The witness was none other than the spokeswoman of the IDF at the time of the Rachel Corrie ‘incident.’ I was disappointed. I had imagined such a high-ranking officer, the woman once charged with justifying the nation’s entire struggle to implement the dream of greater Israel on grounds of security needs, to be armed to the teeth. And I imagined her to be a big fierce hussy of Germanic stock, trained in martial arts, dressed in military uniform, and ready to shoot me at first sight, plant the extra handgun she always carries on my corpse and issue a statement to the press regarding her action in self-defense. None of this! In fact the woman was a diminutive but spry middle-aged run-of-the-mill oriental civilian with salt-and-pepper shoulder-length hair ending in a breezy curl. The magic morning sunlight streaming from the windows framed her in profile from where I sat rendering her rather attractive. I was impressed by her apparent charm and self-confidence. She fit my mental image of queen Sheba of old.

Alas, the changing play of natural light and the constant chipping of Abu-Hussein at her display of self-confidence blemished her image despite the judge repeatedly coming to her aid. By noon she was diminished in my eyes to a mere shadow of her former charming self. The midday sun now emphasized her actual features revealing a dour menopausal white-haired damsel in considerable distress under the focused questioning of the bullying Palestinian lawyer trying to cast doubt on her former role and current credibility. Amazingly, in the process of dragging her through the mud of the IDF record of human rights violations, Abu-Hussein caused even the cute upturn at the neck of her initially fancily styled hair to slacken to a frizzle. He kept quoting to her from various press resources, managing in the process to call her ‘a liar,’ ‘Israel’s Goebbels,’ and more. The poor woman had to resort to some terrible means of verbal self-defense despite the judge’s obvious sympathy. At one point, when her opinion was asked regarding a statement to the effect that the IDF has a tradition of lying and manufacturing misleading information, she spit out the same venomous charges against the Palestinians.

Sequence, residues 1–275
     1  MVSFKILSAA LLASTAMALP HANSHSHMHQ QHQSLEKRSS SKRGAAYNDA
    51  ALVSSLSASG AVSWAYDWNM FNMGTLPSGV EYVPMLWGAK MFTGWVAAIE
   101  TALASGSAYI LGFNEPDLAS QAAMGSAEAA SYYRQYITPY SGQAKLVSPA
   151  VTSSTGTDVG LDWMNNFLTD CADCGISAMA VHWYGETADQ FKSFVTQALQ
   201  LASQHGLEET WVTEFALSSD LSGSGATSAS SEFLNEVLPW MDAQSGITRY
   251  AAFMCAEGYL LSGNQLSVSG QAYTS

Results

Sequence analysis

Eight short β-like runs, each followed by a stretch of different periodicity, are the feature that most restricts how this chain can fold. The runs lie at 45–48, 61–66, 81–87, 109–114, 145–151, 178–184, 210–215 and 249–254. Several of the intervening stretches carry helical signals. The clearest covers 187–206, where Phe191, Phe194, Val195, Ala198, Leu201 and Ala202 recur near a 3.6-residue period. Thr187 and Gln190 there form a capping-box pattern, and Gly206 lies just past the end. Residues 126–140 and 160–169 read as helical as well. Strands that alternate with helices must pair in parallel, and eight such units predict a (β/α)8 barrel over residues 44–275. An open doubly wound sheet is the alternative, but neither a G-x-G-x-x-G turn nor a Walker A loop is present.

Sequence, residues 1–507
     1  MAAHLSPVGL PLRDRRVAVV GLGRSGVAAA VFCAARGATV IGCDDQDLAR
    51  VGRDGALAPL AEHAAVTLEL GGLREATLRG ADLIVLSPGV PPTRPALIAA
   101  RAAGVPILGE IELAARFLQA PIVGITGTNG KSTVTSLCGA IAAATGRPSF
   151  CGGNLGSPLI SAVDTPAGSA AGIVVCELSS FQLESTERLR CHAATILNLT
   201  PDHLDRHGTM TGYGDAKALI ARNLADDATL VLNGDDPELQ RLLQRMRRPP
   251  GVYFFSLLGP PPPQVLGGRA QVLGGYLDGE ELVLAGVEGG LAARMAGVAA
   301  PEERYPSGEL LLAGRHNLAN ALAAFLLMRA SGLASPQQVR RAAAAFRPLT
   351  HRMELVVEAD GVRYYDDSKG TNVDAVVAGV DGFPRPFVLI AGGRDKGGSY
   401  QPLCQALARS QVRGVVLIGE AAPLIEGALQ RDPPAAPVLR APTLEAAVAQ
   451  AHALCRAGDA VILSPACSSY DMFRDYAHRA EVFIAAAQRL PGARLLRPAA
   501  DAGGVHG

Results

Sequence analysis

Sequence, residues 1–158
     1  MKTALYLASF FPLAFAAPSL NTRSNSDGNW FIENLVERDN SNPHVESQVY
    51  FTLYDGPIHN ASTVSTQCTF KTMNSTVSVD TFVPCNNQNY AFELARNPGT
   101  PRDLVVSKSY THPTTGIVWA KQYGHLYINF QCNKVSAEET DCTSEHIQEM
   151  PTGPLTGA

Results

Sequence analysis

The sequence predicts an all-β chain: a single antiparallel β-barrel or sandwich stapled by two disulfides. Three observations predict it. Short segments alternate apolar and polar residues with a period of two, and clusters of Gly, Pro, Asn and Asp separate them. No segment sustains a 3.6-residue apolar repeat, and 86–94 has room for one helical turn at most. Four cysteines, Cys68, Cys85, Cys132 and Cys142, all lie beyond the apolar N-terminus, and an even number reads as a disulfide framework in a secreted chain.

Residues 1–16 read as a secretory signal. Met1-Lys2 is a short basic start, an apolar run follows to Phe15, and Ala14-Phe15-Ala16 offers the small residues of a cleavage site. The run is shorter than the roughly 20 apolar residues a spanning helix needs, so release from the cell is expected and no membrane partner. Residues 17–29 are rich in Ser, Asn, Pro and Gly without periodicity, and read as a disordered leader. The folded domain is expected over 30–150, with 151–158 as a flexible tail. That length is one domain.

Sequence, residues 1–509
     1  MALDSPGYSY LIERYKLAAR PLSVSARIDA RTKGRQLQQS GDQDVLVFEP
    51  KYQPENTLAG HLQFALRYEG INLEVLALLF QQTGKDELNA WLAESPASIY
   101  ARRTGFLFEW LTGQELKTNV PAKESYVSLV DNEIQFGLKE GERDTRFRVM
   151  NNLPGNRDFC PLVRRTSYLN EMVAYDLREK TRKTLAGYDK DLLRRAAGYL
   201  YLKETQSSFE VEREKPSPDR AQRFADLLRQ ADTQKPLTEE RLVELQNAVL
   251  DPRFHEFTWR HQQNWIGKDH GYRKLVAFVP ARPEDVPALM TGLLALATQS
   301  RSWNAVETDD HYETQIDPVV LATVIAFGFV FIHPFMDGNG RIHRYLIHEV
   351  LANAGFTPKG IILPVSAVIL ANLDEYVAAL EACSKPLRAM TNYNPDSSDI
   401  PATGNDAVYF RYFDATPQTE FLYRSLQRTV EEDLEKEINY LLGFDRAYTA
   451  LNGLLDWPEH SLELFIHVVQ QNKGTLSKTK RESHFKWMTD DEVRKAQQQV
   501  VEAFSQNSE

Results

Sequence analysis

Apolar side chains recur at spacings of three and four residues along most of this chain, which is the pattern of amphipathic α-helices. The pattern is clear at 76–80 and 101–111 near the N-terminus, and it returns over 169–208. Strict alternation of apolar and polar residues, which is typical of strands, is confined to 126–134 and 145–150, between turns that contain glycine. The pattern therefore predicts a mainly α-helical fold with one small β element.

By this time I had nodded off again to the domain of light sleep. In my dream I saw the women entertaining the troops battling at the borders of Greater Israel. She danced a wild Flamenco while holding a tray with Mahmud Abbass’s head on it over her head. I woke from the hilarious dream to find the woman still talking away at a-mile-a-minute speed about the antics of the Palestinian National Authority. A couple of times she stuck out her tongue in midsentence with a ghastly effect. As I dozed off again the image I visualized changed from a crow to a snake. I ran away in panic and the person next to me found it necessary to wake me up with a jab in the ribs. The judge was at it again admonishing the translators to lower their voices. “I am not sure in the USA they would extend the privilege of translating for the audience like I do for you,” he scolded. At this stage I dozed off again but this time into deeper sleep. My friend was there. She kept sticking her tongue at me. Except that it was definitely forked. It must come with the job description, I figured.